Quick Turns

by Brian Sodoma

quick turns 2Quick-turn situations can be found in any business. In the paint world, sometimes there’s an early move-in for a multifamily unit. Or maybe there’s a schedule disruption on a job due to weather or other problems. Regardless, if you’re a paint pro who knows how to pull off quality work—fast—you could enjoy a stream of referrals. There’s no shortage of property managers who would love to pass your name along to others who need quality work done under a tight deadline, says Andrew Propst.

Propst is president of both the National Association of Residential Property Managers (NARPM) and Park Place Property Management in Boise, ID. His company oversees about 1,400 multifamily and 800 single-family units. He has a 20-person maintenance crew that can handle just about any type of job for the properties Park Place manages—except repaints.

“If it’s more than two walls, we contract it out … they have the equipment to do it fast and the price is right,” he added. Speed is the ultimate factor though. “Vacancy is the most money lost. If you don’t have a reliable painting vendor, it’s all going to take longer. It’s dollars out of that investor’s and property manager’s pocket every day that a unit is empty.”

Propst and some paint pros recently shared tips for how to find success and stay cool under quick-turn pressure. Not surprisingly, most of the tips dealt with effective communication and creating realistic goals for the job as early as possible. In many cases, some tough early conversations are the building block to a successful and speedy job.


Organization is the key to turning a unit over quickly. To help him stay organized in a turnover situation, Propst employs a move-out coordinator who sets time lines for inspections and maintenance work following a tenant move out. “Our goal is, no matter what shape the place is in, to turn it around in under a week,” he added. Propst advises painters to get on the same page with the coordinator or property manager on the job, as there are plenty of seemingly minor details to keep in mind; for example, whether carpet is being replaced or not in a unit. “When a painter makes assumptions, that’s where we start to see problems. A lot of times you can avoid those problems if you make the extra phone call,” Propst explained.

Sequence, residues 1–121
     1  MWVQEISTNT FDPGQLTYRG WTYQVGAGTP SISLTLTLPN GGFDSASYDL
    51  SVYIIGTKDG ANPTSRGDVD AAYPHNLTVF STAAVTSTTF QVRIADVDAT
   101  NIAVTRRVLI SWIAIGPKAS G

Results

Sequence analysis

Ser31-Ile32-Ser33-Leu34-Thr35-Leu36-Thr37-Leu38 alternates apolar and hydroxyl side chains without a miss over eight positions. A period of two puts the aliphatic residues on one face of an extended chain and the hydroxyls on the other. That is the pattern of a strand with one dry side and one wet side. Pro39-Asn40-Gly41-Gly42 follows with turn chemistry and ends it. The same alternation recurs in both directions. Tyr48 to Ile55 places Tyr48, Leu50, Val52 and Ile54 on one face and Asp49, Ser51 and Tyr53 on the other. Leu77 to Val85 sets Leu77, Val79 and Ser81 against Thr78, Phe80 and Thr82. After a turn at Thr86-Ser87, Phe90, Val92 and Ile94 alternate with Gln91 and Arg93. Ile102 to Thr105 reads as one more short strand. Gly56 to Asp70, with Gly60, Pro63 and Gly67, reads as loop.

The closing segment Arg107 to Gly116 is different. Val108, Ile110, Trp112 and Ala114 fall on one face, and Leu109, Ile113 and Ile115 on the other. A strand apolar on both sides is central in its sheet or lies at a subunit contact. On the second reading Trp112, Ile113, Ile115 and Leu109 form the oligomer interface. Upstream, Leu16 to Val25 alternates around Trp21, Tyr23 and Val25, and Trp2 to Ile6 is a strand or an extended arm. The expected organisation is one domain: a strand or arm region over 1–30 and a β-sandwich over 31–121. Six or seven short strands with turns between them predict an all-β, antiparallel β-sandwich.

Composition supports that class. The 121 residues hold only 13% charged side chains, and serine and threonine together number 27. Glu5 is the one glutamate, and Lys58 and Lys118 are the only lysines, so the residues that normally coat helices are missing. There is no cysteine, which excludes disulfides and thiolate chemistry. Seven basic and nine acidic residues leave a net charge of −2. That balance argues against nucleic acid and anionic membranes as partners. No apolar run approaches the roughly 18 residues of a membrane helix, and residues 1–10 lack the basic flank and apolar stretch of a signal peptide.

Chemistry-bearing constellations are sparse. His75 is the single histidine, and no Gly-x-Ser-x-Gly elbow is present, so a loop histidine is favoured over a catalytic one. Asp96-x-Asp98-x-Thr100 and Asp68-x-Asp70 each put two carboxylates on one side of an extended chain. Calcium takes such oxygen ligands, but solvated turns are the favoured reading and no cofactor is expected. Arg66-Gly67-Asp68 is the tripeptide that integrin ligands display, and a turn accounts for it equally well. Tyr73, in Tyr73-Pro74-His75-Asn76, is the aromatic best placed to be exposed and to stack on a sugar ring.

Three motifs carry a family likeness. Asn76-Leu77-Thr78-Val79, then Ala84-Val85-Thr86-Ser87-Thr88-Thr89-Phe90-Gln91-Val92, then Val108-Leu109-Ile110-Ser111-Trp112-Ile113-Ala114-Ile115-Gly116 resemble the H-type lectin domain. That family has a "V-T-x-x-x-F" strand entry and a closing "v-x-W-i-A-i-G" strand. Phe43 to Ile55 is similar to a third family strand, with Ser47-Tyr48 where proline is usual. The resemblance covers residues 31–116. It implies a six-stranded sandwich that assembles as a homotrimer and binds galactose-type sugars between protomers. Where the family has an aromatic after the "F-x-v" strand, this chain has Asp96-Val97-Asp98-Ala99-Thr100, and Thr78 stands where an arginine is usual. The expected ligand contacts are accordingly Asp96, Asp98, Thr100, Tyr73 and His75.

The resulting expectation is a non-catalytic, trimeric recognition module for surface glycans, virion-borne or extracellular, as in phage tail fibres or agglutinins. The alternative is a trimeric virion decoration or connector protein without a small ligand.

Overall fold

Drew Keilt, a commercial sales associate with CertaPro of the Main Line in PA, likes to meet with the property manager or job coordinator as soon as possible. If they need a job done immediately but are slow to follow up, Keilt gets nervous.

Like Propst, Keilt knows that assumptions can kill an estimate and a job. Regardless of the job’s size, walking it with the property manager is critical. “You have to look at every surface you’re painting. You can’t take their word for it over the phone,” he added.


For quick exterior turns, Keilt says it’s important to take into consideration the height of the project too. Lifts are a great way to cut time on tall exterior buildings, but they require a crew that knows how to operate them. “Sometimes you might have an outstanding paint crew but it may not have used a lift before; you can get into trouble,” he noted.

Keilt also discusses weather with the property manager for all his exterior jobs, and especially on quick turns. Mother Nature can easily wash away the best-laid plans. Even painting on humid days isn’t worth a failure down the road, he added.